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This is a copy of paper published by H. Kent Baker and Victor Ricciardi. The paper talks about how biases affect investor behaviour in taking investment decision. Investor behaviour often deviates from logic and reason, and investors display many behaviour biases that influence their investment decision-making processes. H. Kent Baker and Victor Ricciardi describe some common behavioural biases and suggest how to mitigate them. Baker and Ricciardi, in this paper mainly talks about 8 biases. The paper can be downloaded here

1. Representativeness. Representativeness results in investors labelling an investment as good or bad based on its recent performance. Consequently, they buy stocks after prices have risen expecting those increases to continue.

2. Regret (loss) aversion. Regret aversion describes the emotion of regret experienced after making a choice that turns out to be either a bad or inferior choice.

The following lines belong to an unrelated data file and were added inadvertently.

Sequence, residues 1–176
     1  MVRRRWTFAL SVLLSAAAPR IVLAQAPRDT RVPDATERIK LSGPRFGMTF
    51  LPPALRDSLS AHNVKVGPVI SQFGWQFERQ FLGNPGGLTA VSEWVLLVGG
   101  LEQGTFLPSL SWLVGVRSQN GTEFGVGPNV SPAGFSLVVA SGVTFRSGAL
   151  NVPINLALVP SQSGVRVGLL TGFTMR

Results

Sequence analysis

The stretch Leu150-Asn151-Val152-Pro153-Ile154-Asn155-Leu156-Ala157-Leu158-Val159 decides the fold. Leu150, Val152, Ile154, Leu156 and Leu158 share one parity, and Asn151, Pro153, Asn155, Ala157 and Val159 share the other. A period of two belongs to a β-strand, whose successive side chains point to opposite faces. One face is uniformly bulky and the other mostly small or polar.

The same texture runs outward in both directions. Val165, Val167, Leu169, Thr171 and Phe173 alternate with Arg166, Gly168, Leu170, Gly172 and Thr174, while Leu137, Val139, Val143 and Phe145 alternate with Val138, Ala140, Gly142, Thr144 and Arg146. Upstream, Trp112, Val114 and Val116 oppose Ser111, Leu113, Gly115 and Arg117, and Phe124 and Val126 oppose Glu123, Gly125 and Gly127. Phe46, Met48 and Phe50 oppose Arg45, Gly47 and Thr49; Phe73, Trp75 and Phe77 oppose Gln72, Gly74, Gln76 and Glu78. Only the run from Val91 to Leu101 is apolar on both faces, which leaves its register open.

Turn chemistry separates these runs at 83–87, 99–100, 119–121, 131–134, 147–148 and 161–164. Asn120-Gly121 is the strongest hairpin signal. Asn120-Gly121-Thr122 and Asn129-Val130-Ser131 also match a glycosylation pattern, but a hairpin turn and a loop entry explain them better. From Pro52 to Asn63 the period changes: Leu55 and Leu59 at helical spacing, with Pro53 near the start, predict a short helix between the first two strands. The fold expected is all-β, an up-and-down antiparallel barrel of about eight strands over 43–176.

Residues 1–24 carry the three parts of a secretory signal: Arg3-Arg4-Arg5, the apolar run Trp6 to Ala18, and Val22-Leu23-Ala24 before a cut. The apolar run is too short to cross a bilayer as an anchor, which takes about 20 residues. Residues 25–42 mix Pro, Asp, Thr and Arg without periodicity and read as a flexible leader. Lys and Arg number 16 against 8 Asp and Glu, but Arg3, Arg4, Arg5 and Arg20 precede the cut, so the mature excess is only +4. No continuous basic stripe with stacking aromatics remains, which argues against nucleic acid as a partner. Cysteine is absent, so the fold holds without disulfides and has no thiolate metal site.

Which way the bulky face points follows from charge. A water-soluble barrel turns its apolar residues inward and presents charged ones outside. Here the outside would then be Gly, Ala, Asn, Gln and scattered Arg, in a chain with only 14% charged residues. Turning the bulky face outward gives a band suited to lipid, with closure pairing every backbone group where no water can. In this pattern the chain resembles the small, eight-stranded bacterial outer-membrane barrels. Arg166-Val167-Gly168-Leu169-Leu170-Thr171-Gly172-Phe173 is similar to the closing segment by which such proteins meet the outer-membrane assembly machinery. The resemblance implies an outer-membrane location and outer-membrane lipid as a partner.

3. Disposition effect. Closely related to regret aversion is the disposition effect, which refers to the tendency of selling stocks that have appreciated at price since purchase (“winners”) too early and holding on to losing stocks (“losers”) too long.

4. Familiarity bias. This bias occurs when investors have a preference for familiar investments despite the seemingly obvious gains from diversification.

5. Worry. The act of worrying is an ordinary and unquestionably widespread human experience. Worry educes memories and visions of future episodes that alter an investor’s judgement about personal finances.

6. Anchoring. Anchoring is the tendency to hold on to a belief and then apply it as a subjective reference point for making future judgements. Anchoring occurs when an individual lets a specific piece of information control his cognitive decision-making process.

7. Self-attribution bias. Investors who suffer from self-attribution bias tend to attribute successful outcomes to their own actions and bad outcomes to external factors. They often exhibit this bias as a means of self-protection or self-enhancement.

8. Trend-chasing bias. Investors often chase past performance in the mistaken belief that historical returns predict future investment performance. Mutual funds take advantage of investors by increasing advertising when past performance is high to attract new investors.

These eight behavioural biases are some fundamental issues investors might face at different periods during their lifetimes. Another important issue to consider is the amount of attention and time they should spend on their investment decisions.

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